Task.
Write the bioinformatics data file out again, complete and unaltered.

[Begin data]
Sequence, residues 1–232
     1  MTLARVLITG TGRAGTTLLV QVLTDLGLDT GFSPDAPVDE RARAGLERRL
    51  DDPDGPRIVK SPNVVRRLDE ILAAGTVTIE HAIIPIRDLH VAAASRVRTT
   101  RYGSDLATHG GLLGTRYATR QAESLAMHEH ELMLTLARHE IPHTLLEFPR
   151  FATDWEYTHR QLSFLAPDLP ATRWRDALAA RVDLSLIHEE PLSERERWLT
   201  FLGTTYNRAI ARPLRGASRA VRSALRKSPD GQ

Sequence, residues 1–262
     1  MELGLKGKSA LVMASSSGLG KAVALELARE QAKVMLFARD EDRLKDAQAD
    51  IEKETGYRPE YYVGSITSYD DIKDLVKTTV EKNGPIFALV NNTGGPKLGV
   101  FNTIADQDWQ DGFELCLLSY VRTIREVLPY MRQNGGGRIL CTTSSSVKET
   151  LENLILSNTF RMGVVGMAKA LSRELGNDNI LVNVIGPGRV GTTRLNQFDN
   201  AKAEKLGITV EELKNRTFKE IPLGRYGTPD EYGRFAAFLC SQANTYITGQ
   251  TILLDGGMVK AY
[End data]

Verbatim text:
Sequence, residues 1–232
     1  MTLARVLITG TGRAGTTLLV QVLTDLGLDT GFSPDAPVDE RARAGLERRL
    51  DDPDGPRIVK SPNVVRRLDE ILAAGTVTIE HAIIPIRDLH VAAASRVRTT
   101  RYGSDLATHG GLLGTRYATR QAESLAMHEH ELMLTLARHE IPHTLLEFPR
   151  FATDWEYTHR QLSFLAPDLP ATRWRDALAA RVDLSLIHEE PLSERERWLT
   201  FLGTTYNRAI ARPLRGASRA VRSALRKSPD GQ

Sequence, residues 1–262
     1  MELGLKGKSA LVMASSSGLG KAVALELARE QAKVMLFARD EDRLKDAQAD
    51  IEKETGYRPE YYVGSITSYD DIKDLVKTTV EKNGPIFALV NNTGGPKLGV
   101  FNTIADQDWQ DGFELCLLSY VRTIREVLPY MRQNGGGRIL CTTSSSVKET
   151  LENLILSNTF RMGVVGMAKA LSRELGNDNI LVNVIGPGRV GTTRLNQFDN
   201  AKAEKLGITV EELKNRTFKE IPLGRYGTPD EYGRFAAFLC SQANTYITGQ
   251  TILLDGGMVK AY